Soup is a comfort food for many people; it is hearty, warm and filling. Although they may all be filling, not all soups are equal in terms of nutritional value. Some research suggests eating soup before a meal can help lower food intake, and soup can be an easy way to get a low calorie, nutrient dense meal on its own.
However, soup is not always low in calories and can have some not so healthy ingredients. Here are some things to consider when choosing a healthy soup.
Watch the Sodium level
Canned soups are notorious for being high in sodium. The concern with getting too much sodium, as most Americans do, is that a high intake of sodium may increase risk for high blood pressure, especially in people with sodium sensitivity. The recommended upper intake per day for sodium is 2,300 mg, but most Americans get more like to 3,400 mg per day.
A serving of canned soup, which is usually a cup, can provide up to 800-900mg of sodium, which is about a third of the daily-recommended intake for sodium just from that one food.
If you are buying pre-packaged soup, choose soups that are lower in sodium. If you are making soup at home, the biggest sodium contributor is broth. Buy low sodium broth to lower the sodium intake in your soup.
Boxed Soups are healthier than Canned Soups
Canned soups can be a source of chemicals and hidden preservatives. The lining in canned soups can also be a source of a harmful compound called Bisphenol A (BPA). According to the Environmental Working Group, BPA can possibly disrupt the endocrine system even in small amounts. Pregnant women may want to be especially careful to not eat foods packaged in products with BPA.
Limiting intake of canned foods is one way to lower intake of BPA. Buying boxed soups instead of canned soups can be a healthier alternative because of this. Some canned products are BPA free, so check for that on labels. If you make soup at home, keep in mind if you add canned products you may still be getting BPA.
Soups contain added sugar
Why would sugar be in soups? Good question. Unfortunately, sugar is added to many processed foods in the American food system. Foods like canned soup, frozen pizza, bread and spaghetti sauce are all surprising common sources of added sugar.
The concern is that a typical Western diet has too much added sugar, which could increase risk for obesity, type 2 diabetes and cardiovascular disease. Cutting out unnecessary added sugar, like from canned soup, can help. Look at labels or ingredient lists and choose soups that have the least amount of added sugar.
Clear broth Soups are better than Cream Based Soups
One quick way to assess a soup’s nutritional status is just to look at the broth. Clear broths are going to have a lot less calories and fat compared to cream based soups. Cream based soups can be very calorically dense. Eating a broth based soup can leave you satisfied and not be a heavy meal.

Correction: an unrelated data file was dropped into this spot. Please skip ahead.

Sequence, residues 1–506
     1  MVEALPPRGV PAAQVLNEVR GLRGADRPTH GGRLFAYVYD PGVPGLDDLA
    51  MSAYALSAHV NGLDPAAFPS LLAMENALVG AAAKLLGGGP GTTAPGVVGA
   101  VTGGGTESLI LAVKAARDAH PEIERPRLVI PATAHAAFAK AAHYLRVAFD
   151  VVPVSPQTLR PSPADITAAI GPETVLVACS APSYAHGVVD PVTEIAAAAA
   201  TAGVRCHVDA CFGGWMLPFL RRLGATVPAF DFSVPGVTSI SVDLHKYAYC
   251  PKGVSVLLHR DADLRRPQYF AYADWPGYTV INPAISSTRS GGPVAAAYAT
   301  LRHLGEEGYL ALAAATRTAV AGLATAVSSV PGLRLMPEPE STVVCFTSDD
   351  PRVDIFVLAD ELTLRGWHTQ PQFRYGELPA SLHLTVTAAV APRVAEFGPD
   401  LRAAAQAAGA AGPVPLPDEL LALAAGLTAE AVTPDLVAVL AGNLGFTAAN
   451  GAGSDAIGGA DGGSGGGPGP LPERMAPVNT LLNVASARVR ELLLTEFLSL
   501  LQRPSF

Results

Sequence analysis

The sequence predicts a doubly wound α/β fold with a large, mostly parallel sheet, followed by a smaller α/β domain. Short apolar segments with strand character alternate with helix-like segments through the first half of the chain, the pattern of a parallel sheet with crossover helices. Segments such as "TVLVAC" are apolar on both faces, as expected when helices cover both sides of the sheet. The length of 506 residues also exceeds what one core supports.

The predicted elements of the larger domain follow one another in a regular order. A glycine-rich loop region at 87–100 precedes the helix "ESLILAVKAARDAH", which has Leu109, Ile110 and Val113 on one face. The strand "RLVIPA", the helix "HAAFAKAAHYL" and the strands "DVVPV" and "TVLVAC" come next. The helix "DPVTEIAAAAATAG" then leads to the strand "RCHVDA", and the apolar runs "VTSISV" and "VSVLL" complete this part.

Soups with Vegetables are better
Eating soup is an easy way to get at least a few servings of vegetables whether it’s a pureed butternut squash soup or a vegetable chicken noodle soup. Instead of just eating plain soups that contain few vegetables like chicken noodle soup or clam chowder, experiment with how you can add different vegetables to soups.
Adding vegetables to a soup increases the volume, bulk, fiber and nutrients of the soup. You can eat a large portion of a vegetable based soup that leaves you feeling satisfied and is nutrient dense. When making soups at home, add in more vegetables than you normally do. If you are getting a pre-packaged soup, choose one that has the most vegetables.
Vegetables, as mentioned, contribute significantly to the fiber amount of a soup. High fiber, high water content foods, like some soups, can keep you satisfied longer which could lower food intake in subsequent meals.
Another fiber source in soups can be a grain component like noodles. Choosing whole grains like barley, quinoa, whole wheat pasta, etc. can also increase the fiber and nutrients in a soup. Soups that have refined grains like white rice or noodles are not adding much fiber to the soup.
Soups can be a healthy meal on their own or act as a filling, low calorie appetizer that may lower calorie intake for the overall meal. Watch the sodium level in pre-packaged soups, as these are a common source of high sodium foods. Choose low sodium options and when making soup at home choose lower sodium products like broths. Canned soups can also be a source of BPA because BPA is used for many canned products.
Clear broth soups will be lower in calories and fat content compared to cream based soups. If you’re looking to go light on calories and saturated fat, choose broth based soups. Another thing to look for is a soup that is high in vegetables and whole grains because these will be higher in fiber and nutrients.
References used in this article